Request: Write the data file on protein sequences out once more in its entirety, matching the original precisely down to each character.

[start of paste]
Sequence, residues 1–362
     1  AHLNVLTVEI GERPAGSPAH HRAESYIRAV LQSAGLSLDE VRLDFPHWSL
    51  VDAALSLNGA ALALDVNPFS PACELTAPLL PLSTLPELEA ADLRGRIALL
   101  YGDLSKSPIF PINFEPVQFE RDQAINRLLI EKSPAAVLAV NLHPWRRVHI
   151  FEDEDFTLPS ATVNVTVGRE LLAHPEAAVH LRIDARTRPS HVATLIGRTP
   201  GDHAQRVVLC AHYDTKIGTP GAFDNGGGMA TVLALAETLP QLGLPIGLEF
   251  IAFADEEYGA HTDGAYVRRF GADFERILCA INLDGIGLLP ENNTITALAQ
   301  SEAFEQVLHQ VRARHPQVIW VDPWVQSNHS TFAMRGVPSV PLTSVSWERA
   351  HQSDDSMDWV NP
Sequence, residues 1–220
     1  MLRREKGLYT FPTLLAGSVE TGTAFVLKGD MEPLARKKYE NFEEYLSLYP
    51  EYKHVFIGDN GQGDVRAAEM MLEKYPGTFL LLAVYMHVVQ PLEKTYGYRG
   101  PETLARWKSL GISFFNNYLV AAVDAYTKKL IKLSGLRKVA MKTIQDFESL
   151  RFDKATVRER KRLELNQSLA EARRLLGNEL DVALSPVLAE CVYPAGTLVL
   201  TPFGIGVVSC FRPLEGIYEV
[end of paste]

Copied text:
Sequence, residues 1–362
     1  AHLNVLTVEI GERPAGSPAH HRAESYIRAV LQSAGLSLDE VRLDFPHWSL
    51  VDAALSLNGA ALALDVNPFS PACELTAPLL PLSTLPELEA ADLRGRIALL
   101  YGDLSKSPIF PINFEPVQFE RDQAINRLLI EKSPAAVLAV NLHPWRRVHI
   151  FEDEDFTLPS ATVNVTVGRE LLAHPEAAVH LRIDARTRPS HVATLIGRTP
   201  GDHAQRVVLC AHYDTKIGTP GAFDNGGGMA TVLALAETLP QLGLPIGLEF
   251  IAFADEEYGA HTDGAYVRRF GADFERILCA INLDGIGLLP ENNTITALAQ
   301  SEAFEQVLHQ VRARHPQVIW VDPWVQSNHS TFAMRGVPSV PLTSVSWERA
   351  HQSDDSMDWV NP
Sequence, residues 1–220
     1  MLRREKGLYT FPTLLAGSVE TGTAFVLKGD MEPLARKKYE NFEEYLSLYP
    51  EYKHVFIGDN GQGDVRAAEM MLEKYPGTFL LLAVYMHVVQ PLEKTYGYRG
   101  PETLARWKSL GISFFNNYLV AAVDAYTKKL IKLSGLRKVA MKTIQDFESL
   151  RFDKATVRER KRLELNQSLA EARRLLGNEL DVALSPVLAE CVYPAGTLVL
   201  TPFGIGVVSC FRPLEGIYEV